Globally, only 38% of mothers breastfeed exclusively, giving their babies nothing but breastmilk for the first six months. The figure is higher in Bangladesh, at 55%. But it is still not high enough. Exclusive breastfeeding is crucial for a baby’s healthy development. Aside from cultural traditions, and lack of knowledge, the need to work is also an influencing factor.
Living in Dhaka is a challenge, no matter who you are. Traffic is manic, there are motorcyclists cruising the footpaths and people are forced to walk on the streets. There are no designated bus lanes and no bus stops. The roads are home to everything and everyone. Buses, cars, rickshaws, CNGs and people coexist in a situation where anything can happen at any time.
When BRAC, one of the world’s largest NGOs, tried to digitize its paper-based record system to improve decision making and provide continuous improvement for its skills development programme in Bangladesh, it hit a wall.
In 2016, TB claimed the lives of 1.3 million people across the world. Four million cases of TB have been undocumented or not reported. One of the bizarre features of TB is that it remains inactive, producing no symptoms, for long periods of time.
10-year-old Harisa describes how she and her family escaped from their home in Myanmar and crossed the border into Bangladesh. She is one of almost a million Rohingyas living in the makeshift settlements in Cox's Bazar- all of whom experienced similar trauma.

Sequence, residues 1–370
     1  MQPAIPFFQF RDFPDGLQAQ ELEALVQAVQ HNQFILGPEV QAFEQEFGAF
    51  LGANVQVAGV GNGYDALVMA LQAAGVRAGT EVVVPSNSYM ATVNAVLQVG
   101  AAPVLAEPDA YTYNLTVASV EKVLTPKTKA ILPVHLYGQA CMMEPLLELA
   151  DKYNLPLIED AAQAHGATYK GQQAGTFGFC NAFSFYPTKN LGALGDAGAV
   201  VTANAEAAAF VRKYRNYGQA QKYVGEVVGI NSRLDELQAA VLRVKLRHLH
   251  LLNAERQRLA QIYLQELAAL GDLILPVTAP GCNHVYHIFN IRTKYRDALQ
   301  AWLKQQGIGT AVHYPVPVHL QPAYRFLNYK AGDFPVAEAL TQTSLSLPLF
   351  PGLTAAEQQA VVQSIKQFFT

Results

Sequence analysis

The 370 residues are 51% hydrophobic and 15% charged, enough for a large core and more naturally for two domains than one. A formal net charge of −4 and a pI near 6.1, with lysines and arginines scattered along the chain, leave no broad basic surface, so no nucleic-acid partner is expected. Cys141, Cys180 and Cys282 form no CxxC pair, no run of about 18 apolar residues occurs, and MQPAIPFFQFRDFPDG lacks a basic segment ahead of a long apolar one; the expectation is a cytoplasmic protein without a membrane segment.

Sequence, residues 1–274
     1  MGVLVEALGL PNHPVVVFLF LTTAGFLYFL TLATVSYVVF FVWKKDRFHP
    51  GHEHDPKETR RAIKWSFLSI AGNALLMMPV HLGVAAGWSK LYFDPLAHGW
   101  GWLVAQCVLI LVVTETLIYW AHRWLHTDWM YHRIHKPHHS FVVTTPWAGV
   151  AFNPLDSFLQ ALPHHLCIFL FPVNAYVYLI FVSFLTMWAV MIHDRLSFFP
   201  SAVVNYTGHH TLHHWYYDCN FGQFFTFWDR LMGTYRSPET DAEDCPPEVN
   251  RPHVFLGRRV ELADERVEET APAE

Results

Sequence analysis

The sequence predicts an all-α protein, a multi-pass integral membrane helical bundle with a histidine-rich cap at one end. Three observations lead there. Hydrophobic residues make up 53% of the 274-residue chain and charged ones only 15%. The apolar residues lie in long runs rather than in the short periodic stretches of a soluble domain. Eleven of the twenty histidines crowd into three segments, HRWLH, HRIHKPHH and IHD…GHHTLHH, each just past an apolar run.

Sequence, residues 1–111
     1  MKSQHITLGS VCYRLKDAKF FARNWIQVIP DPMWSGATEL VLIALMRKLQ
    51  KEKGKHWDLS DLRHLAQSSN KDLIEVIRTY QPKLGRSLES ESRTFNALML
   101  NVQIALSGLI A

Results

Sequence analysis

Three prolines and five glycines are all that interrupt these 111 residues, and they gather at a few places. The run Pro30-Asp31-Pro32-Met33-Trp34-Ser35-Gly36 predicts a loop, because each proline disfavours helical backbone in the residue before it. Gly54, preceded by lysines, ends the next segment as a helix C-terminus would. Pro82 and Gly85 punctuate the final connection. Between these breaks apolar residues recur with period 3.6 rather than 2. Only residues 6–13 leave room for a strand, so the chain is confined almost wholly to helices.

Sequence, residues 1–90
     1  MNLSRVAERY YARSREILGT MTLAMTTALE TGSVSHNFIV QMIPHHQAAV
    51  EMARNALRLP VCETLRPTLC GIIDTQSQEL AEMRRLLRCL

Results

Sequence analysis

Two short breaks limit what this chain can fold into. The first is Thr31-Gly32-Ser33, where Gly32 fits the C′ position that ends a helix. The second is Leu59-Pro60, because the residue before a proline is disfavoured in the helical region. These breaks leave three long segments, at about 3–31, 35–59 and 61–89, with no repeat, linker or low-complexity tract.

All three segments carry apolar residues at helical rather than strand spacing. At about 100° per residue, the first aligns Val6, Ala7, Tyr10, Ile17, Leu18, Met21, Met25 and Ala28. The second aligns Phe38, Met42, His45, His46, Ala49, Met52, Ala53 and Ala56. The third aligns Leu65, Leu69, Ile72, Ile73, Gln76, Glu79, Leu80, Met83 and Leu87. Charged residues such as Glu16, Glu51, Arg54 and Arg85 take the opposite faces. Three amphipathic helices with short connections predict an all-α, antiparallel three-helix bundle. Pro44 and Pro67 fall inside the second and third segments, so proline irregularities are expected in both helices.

Mitali Dhar loves her bike. She has travelled far and wide on her two-wheeler. It has not always been met with respect - she was pushed off her bike once during a visit many years ago to a remote spot in Sylhet. “ I sat beside the tube well and cleaned myself up, wept and went straight back to the office,” says Mitali.
As BRAC ranks #1 for the third consecutive year, we revisit an interview with Sir Fazle - the first of a series of interviews with executives of organisations that are part of the rankings, launched by NGO Advisor.
"Sir Fazle Hasan Abed, Founder and Chairperson of BRAC, opens the series on behalf of 118,000+ employees working for what we acknowledge as the most influential and impactful for-good organisation worldwide."
Let us take the recent Rohingya crisis in Bangladesh- dubbed as the world’s fastest growing humanitarian crisis- as a case to see why and how BRAC can be a model for the localisation in humanitarian response.
There is one thing we need to understand clearly: patriarchy is an enemy to both men and women. Men need to be saved from patriarchy just as much as women. If we are able to defeat patriarchy, both women and men will gain.